Battery life and connectivity
The Galaxy Buds Plus boast a far longer battery life than the original Galaxy Buds. The earbuds themselves contain 11 hours of charge, while the charging case provides an additional 11 hours, bringing the total battery life to 22 hours.
That 11 hour battery life is pretty long for earbuds – but for the charging case, it’s not a huge amount of battery. For comparison, the Apple AirPods contain 5 hours in the buds themselves, with an additional 20 provided by the charging case, for 25 hours in total. It’s nice to see the Buds Plus with a larger internal battery, but a shame the charging case didn’t get something more substantial.
If the stated battery life is accurate, it should last you a week’s worth of commutes fairly comfortably though – or one very long flight.
Bluetooth 5.0 should provide a stable wireless connection – the AirPods still only support 4.2, which is pretty old now. Unfortunately, however, neither the Samsung Galaxy Buds Plus nor Apple AirPods Pro support higher-end audio codecs like aptX, aptX Low Latency or, even better, LDAC. For now your only options are SBC and AAC – though the inclusion of the latter means the Buds Plus will work with iOS.
Setting up the earbuds can either be done by pairing via Bluetooth for basic playback or by downloading the Galaxy Wearable or Samsung Galaxy Buds Plus app from the Google Play and Apple App Store. With those you’ll be able to customize the headphones and set up ambient noise reduction so it’s well worth downloading.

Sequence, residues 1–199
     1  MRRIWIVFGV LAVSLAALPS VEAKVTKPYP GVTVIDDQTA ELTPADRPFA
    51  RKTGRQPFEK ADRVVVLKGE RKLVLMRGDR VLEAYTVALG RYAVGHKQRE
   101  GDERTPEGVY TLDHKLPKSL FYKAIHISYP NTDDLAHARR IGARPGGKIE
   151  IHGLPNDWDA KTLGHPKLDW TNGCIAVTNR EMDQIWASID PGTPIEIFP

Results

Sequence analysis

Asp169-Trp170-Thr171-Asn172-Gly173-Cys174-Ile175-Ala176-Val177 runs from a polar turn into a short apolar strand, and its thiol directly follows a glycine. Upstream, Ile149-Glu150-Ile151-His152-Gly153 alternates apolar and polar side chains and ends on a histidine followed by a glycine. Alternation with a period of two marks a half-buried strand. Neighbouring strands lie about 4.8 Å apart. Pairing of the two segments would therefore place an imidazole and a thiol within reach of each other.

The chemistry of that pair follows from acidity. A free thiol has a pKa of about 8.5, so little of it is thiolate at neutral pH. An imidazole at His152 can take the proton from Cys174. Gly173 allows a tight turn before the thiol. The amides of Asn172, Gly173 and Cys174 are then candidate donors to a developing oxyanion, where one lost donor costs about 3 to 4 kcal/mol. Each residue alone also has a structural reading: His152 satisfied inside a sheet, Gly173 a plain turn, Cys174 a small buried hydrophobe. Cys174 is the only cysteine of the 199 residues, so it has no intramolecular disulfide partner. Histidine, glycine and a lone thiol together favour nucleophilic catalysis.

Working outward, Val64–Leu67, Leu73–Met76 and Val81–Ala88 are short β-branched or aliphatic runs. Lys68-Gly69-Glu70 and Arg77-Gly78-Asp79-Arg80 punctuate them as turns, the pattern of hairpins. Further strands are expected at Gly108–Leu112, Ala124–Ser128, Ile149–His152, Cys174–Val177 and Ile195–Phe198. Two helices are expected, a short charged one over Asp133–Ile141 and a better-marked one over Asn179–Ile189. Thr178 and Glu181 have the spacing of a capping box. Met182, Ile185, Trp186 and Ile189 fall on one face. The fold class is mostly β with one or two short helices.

Finally, if you have multiple devices, the Galaxy Buds Plus support multi-pairing, allowing you to connect them to several devices without needing to re-pair them every time you go to use them.
The headline news in the audio department is the new dual-driver system that the Samsung Galaxy Buds Plus use. There’s now a woofer and a tweeter to expand the range of the earbuds and lead to an increase in overall clarity.
In our short time testing them after the event we found that songs that should have phenomenal bass response, like Brass Monkey by Beastie Boys, sound a bit subdued to other earbuds, but it is a marked improvement for Samsung.
Using the Samsung Galaxy Buds Plus and/or Samsung Wear app you can customize the sound of the earbuds (there’s options for Soft, Dynamic, Clear, Treble and Bass Boost) but there’s not a significant difference between them.
While the increased clarity is the highlight of the new design, Samsung says it’s also increased the amount of internal microphones by one and that, in theory, should lead to better call quality. Without a pair of the original Buds next to us we couldn’t verify that claim, but anyone we called with the earbuds reported that they sounded as good as talking directly into the phone’s mic. So that’s something.
Having the extra mic also means that ambient noise amplification is better this time around, too. Obviously ambient noise amplification – which pipes in outside noise rather than cancel it out isn’t as good as noise reduction or noise cancellation, but it can be helpful at airplane terminals or bus stations when you’re waiting for a crucial piece of information over the loud speaker or while riding a bike.
It probably goes without saying, but not having noise cancellation is a painful oversight here.
As far as dual-driver true wireless earbuds go, there’s a lot to like about the Samsung Galaxy Buds Plus. They have great clarity and a good mid-range. They’re not as bass-heavy as we might’ve liked, but what’s on offer is far better than the previous iteration.
Not having noise cancellation or a higher level of water resistance are two of the Buds’ biggest weaknesses, but its lower price, new iOS compatibility and extended battery life should help it keep pace with the AirPods and AirPods Pro.